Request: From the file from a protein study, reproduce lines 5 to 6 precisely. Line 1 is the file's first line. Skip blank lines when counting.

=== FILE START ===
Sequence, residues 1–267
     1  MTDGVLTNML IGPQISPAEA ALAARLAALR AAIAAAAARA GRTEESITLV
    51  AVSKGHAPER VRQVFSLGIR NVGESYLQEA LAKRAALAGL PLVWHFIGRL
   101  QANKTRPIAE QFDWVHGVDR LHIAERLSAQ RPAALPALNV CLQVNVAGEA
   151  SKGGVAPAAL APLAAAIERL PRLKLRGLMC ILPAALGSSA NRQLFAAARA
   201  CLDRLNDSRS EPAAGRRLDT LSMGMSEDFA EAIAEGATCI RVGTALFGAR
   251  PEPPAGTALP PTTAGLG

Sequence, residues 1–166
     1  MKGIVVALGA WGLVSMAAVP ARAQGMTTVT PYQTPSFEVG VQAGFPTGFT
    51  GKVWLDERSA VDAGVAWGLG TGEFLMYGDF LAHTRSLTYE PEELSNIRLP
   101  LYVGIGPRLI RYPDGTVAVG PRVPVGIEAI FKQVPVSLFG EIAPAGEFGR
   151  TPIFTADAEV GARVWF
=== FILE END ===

   151  SKGGVAPAAL APLAAAIERL PRLKLRGLMC ILPAALGSSA NRQLFAAARA
   201  CLDRLNDSRS EPAAGRRLDT LSMGMSEDFA EAIAEGATCI RVGTALFGAR